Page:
Every spring, there is palpable excitement as seniors hear back from colleges. It seems as though most conversations are about the future, seniors’ “next steps” and the new life awaiting them in the coming fall. This year, especially, it seems particularly exciting, given that many seniors did not have a traditional final-year-of-high-school experience. However, before seniors rush into the college experience, they should consider taking a gap year. Gap years have recently attracted more attention, since many members of the Class of 2020 decided to take them due to COVID-19, but gap years are actually a fantastic option, pandemic or otherwise.
Students typically graduate from high school at 18, when most students still have some growing up to do. The majority have spent their entire life focused on attaining a formal education. Many did not have to worry about making a livable income, feeding themselves or navigating real-world obstacles. When they go to college, this is often their first time living independently, and the experience can feel quite jarring. Taking a gap year, especially if one chooses to work, can ease the transition and better equip students to deal with the inevitable complications that come with living independently.
Additionally, gap years can provide students with a renewed appreciation for education. As mentioned, by the time they turn eighteen, students have spent nearly their entire lives in school, sometimes resulting in intense burn-out. Going straight to college, where students spend another four years in a likely even more rigorous educational setting, can be unhealthy and contribute to burnout, which can lead to feelings of depression, anxiety, anger and general exhaustion. This makes it difficult for students to fully take advantage of the opportunities college offers, resulting in a less rewarding and unfulfilling experience than if students had just taken a break after high school. This is one reason why students who take gap years earn better grades and end up much more involved on campus than those who do not.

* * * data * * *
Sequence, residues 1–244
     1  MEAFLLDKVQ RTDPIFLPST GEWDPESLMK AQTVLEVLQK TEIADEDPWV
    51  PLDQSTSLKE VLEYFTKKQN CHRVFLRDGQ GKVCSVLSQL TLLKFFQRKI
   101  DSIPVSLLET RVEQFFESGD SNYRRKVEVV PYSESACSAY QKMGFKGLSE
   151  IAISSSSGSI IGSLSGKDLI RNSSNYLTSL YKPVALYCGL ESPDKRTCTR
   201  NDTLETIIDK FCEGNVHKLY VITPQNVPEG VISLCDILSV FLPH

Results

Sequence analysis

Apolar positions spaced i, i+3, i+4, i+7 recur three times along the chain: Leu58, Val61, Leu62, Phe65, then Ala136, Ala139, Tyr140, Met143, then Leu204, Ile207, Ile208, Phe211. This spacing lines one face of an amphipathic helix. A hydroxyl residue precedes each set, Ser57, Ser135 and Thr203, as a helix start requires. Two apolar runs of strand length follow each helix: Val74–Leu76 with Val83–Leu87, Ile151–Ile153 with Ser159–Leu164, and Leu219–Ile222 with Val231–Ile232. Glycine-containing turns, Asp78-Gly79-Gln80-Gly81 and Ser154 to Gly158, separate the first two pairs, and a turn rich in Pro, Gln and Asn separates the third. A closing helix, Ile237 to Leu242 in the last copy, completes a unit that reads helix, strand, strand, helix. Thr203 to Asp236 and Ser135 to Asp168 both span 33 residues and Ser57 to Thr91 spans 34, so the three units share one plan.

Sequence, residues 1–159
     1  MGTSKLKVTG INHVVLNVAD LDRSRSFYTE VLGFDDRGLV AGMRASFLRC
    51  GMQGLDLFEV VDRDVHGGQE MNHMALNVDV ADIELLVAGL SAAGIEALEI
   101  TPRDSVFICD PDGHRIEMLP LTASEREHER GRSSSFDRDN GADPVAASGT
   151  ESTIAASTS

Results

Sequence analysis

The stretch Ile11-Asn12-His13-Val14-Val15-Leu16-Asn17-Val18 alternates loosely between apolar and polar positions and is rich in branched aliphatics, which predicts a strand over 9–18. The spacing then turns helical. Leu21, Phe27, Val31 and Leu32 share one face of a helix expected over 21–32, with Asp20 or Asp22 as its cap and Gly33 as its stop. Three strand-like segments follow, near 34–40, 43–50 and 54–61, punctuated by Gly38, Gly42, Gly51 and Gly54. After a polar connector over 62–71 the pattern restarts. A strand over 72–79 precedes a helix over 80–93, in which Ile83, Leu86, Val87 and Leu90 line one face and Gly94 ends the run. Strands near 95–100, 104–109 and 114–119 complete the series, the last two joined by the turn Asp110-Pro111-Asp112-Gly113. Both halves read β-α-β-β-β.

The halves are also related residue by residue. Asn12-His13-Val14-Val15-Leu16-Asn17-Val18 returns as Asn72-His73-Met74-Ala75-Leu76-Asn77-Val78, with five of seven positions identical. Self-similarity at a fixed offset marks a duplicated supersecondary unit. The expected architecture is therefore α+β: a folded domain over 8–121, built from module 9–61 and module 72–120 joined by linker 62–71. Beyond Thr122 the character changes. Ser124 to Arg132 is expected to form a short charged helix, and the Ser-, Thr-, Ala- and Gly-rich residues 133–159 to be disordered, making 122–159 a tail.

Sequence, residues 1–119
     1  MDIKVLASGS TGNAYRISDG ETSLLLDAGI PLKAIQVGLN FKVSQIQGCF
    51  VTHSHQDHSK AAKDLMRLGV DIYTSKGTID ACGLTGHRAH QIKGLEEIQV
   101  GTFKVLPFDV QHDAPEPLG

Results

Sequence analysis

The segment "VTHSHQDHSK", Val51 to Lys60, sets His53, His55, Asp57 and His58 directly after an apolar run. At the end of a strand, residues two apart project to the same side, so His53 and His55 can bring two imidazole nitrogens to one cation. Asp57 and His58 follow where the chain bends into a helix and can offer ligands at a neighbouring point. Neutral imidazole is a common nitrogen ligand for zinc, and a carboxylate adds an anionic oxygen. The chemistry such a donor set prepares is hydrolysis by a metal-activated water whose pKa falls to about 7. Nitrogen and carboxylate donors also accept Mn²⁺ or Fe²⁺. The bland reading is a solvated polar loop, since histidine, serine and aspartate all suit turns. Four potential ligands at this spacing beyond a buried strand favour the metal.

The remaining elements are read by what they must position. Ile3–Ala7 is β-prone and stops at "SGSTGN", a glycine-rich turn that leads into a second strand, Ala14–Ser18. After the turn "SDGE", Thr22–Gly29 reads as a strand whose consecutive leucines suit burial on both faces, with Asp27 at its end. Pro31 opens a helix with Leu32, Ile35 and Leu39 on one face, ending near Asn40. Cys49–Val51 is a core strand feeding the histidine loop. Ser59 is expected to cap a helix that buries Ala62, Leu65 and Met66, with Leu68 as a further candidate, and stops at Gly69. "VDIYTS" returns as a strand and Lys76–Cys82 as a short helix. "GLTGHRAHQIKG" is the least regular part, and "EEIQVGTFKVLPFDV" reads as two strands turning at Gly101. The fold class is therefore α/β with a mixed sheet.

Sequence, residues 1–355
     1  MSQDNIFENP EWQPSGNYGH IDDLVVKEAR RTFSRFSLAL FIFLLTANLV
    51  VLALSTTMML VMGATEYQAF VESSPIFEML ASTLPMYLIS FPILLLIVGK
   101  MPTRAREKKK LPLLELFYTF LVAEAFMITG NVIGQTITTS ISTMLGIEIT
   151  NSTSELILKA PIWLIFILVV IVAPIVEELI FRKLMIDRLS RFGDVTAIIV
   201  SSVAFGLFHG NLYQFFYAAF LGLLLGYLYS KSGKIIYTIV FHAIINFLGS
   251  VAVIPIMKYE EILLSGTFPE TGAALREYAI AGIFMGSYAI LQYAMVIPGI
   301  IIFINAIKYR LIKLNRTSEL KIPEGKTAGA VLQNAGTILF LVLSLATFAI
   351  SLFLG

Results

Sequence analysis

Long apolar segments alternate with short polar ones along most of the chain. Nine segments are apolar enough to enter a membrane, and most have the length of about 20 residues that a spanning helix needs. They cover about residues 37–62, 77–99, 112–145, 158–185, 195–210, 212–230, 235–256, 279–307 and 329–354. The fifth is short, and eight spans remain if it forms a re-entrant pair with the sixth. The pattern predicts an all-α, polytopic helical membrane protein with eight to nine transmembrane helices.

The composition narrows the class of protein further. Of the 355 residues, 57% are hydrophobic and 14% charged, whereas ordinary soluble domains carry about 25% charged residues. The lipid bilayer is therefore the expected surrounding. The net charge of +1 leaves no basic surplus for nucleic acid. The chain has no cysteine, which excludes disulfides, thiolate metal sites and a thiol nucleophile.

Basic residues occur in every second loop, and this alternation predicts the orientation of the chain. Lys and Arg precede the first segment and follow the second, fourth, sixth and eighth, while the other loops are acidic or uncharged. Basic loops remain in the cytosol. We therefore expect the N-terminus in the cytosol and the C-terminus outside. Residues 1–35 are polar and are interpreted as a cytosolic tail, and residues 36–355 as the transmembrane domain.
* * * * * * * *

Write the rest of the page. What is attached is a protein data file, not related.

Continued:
Gap years also offer students the chance to pursue their non-academic passions. While in high school, students must meet a certain rigid set of requirements that often dictate which classes they take. Desires to attain a certain GPA or look impressive to colleges can also dictate which classes students take, and result in students taking courses that may not align with what truly fascinates them. While students have the freedom to major in whatever they wish in college, they still remain confined to that major’s requirements, and they still must take the classes in an academic setting. Taking a gap year allows students to explore their passions completely independently, without any restrictive guidelines or demands. It also paves the way for the discovery of new passions, because, depending on how students choose to spend the gap year, it allows for a much more organic, creative environment than the classroom.
Some argue that students lose momentum if they take time off before going to college and that if students don’t immediately advance in their educational careers, they may simply decide not to attend at all. While this is a valid argument, it can be avoided if students apply to college their senior year and defer their acceptance. This minimizes the possibility of not returning to school, because there is a clear next step.
So, to all seniors: consider taking a gap year — they offer the chance to mature, explore and rest before jumping into the next stage of life. After all, there’s always time.